Lockdown halted the momentum and it wasn’t until late last month that Pipe brought him out for a Flat foray, which brought three wins at two miles in under a fortnight, starting off at 60. He will be on 78 when the turf resumes next March. Judged on Saturday’s events, that figure will be nowhere near enough to stop him.

For here he was, having never previously run over further than two and a half miles, the distance of his Uttoxeter win on March 14, trying three miles on heavy ground in a 17-runner Grade 3 handicap hurdle sponsored by Betfair. Turning for home another Main Fact win looked most unlikely as, off 147, 7lb claimer Fergus Gillard could be seen to be riding away vigorously miles behind the leaders. In the end, though, the gelding’s will to win came to the fore and he strode past the highly-talented Third Wind to make it nine-in-a-row. Where will it all end? One thing’s for sure, they haven’t forgotten how to enjoy such winning streaks down at Pond House!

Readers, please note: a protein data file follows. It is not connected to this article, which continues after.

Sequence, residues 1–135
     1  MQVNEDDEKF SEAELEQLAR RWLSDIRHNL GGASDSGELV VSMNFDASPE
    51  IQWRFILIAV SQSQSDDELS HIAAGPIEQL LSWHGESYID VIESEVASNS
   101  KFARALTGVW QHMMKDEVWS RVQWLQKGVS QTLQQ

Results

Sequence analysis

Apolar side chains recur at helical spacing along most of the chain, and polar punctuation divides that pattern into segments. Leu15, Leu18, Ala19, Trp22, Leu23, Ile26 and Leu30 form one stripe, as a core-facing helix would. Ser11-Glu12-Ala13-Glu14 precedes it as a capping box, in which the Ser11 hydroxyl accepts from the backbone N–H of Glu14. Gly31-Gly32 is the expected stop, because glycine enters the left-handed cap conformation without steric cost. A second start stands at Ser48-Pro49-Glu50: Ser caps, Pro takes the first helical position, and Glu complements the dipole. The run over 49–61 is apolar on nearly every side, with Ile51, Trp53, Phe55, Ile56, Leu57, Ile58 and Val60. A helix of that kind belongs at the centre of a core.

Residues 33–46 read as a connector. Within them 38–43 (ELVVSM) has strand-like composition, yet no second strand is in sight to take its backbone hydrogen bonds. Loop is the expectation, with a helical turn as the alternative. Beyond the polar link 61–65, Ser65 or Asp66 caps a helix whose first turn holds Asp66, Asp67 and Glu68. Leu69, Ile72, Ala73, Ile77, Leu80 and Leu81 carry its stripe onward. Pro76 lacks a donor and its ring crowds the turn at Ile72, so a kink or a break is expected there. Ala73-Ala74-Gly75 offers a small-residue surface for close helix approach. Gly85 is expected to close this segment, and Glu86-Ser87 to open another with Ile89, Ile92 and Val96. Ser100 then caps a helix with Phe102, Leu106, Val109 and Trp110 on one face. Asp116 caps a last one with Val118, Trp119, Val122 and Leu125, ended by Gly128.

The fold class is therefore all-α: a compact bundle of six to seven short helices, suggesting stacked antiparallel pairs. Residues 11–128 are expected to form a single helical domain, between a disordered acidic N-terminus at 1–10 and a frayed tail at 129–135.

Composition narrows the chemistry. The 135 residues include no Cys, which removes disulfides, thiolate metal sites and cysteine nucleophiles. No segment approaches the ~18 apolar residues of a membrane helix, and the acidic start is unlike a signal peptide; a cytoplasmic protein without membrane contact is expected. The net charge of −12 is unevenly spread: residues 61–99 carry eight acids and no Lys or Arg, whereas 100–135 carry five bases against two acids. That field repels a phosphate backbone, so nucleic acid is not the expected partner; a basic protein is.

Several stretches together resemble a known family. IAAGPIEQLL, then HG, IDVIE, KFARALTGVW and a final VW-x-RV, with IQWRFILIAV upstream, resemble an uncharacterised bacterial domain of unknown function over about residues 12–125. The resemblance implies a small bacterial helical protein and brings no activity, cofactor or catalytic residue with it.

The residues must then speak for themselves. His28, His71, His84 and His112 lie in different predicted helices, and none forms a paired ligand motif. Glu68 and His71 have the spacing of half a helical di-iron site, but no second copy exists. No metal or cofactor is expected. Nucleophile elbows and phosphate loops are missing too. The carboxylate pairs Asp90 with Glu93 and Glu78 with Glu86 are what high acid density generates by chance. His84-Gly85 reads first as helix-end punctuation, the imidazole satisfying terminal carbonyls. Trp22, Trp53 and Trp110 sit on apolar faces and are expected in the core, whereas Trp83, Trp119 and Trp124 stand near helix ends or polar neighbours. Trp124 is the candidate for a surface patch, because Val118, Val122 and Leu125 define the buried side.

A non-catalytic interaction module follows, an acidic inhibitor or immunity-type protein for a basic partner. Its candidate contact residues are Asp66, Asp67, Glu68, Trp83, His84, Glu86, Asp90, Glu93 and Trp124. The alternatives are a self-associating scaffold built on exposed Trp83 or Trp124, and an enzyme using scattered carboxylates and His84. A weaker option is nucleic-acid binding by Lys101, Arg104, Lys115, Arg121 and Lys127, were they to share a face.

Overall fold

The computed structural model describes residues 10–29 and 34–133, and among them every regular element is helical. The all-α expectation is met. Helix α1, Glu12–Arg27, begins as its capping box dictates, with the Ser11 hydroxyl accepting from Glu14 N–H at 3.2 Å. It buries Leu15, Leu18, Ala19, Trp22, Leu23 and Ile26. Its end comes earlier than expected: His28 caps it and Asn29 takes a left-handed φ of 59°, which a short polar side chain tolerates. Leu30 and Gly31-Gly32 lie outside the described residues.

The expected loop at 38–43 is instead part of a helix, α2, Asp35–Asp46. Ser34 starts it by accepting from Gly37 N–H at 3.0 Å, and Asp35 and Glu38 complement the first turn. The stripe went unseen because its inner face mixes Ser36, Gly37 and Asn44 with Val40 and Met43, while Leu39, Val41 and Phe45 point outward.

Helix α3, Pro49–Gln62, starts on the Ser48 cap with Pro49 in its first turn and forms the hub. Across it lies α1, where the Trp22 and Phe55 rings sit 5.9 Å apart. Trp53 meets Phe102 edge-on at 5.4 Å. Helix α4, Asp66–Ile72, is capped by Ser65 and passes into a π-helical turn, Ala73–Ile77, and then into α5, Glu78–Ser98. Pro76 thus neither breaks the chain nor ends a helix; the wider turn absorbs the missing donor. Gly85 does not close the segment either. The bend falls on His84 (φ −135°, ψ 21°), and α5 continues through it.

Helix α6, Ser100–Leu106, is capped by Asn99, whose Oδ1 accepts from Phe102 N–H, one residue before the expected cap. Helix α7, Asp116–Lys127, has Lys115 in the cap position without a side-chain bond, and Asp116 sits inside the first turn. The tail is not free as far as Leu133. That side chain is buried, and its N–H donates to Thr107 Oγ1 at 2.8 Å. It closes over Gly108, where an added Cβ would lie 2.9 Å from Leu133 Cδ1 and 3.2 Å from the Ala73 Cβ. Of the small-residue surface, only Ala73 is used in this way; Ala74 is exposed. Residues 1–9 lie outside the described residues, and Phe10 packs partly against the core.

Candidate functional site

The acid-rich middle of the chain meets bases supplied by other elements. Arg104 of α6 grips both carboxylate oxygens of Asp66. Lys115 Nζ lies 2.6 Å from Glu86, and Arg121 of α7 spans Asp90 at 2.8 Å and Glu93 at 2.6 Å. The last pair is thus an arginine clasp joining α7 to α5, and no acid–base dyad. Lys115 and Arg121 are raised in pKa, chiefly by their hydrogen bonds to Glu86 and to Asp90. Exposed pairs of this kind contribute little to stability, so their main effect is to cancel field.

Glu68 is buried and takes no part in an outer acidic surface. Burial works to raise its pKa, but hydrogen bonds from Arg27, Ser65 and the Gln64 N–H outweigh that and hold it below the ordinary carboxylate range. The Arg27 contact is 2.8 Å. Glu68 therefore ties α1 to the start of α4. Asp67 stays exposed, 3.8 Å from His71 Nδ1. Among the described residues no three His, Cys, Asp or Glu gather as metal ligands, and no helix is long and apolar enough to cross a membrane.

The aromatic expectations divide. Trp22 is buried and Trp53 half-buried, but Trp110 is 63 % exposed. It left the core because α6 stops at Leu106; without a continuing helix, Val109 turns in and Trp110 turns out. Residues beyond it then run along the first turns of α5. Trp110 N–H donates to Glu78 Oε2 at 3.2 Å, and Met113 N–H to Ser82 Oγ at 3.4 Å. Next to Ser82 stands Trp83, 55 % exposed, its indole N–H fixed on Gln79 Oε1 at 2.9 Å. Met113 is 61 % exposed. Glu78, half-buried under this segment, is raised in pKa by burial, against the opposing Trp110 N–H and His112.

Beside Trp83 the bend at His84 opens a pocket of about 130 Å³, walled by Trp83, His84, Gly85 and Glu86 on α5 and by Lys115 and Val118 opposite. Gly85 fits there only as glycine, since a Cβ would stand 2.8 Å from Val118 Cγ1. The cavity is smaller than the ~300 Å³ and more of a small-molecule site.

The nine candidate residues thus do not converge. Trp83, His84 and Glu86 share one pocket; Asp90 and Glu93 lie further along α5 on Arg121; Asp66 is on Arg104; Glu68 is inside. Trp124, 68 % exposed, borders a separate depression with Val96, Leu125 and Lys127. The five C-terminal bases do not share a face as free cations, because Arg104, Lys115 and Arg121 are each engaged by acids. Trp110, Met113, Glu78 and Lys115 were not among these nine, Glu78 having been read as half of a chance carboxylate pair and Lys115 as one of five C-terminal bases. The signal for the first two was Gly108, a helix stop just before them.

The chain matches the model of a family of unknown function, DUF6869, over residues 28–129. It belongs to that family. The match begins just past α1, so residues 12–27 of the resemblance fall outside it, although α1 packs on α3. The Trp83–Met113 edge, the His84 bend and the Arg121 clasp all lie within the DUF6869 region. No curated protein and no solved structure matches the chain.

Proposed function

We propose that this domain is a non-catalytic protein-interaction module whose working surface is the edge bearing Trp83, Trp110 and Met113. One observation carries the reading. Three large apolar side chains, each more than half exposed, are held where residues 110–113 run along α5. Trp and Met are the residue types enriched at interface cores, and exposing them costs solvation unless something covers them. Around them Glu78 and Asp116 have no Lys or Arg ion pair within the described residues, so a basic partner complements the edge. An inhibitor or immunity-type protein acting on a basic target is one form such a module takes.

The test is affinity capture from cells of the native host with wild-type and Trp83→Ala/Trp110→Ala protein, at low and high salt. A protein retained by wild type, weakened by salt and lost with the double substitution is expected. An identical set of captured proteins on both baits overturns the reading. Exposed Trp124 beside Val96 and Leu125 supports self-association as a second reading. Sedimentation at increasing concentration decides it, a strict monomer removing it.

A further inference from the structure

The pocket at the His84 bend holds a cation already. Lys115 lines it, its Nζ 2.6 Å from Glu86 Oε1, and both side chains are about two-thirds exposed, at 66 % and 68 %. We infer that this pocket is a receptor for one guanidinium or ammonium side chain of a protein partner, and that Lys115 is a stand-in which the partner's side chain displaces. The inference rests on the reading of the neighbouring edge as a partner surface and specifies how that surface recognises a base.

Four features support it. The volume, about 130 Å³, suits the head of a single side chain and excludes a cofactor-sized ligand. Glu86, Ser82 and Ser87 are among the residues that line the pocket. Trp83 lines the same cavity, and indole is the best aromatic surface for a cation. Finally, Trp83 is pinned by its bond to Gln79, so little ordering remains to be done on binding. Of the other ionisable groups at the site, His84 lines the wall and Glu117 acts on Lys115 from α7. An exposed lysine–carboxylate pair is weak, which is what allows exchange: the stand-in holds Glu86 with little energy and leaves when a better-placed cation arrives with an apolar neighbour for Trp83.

Gosden and Dettori seeking Global dominance in Bahrain

John Gosden and Frankie Dettori can look forward plenty of local support when they team up with Global Giant in the Bahrain International Trophy on Friday.

Bought primarily with this race in mind out of Ed Dunlop’s yard by Shaikh Isa bin Salman Al Khalifa – a driving force behind the event – the five-year-old has won two of his four starts for current connections.

A Listed winner in July, the Shamardal entire was bogged down by heavy ground at Haydock in a Group Three last time out.

Assistant trainer Thady Gosden said: “Global Giant was purchased by HH Shaikh Isa and Jake Warren with this race in mind.

“He won the Listed Steventon Stakes at Newbury before unfortunately encountering unsuitably soft ground at Haydock on his last start. Ideally, we’d have had a prep race before this, but the ground went at the end of the season, so we thought the best thing to do was to leave him and bring him here fresh.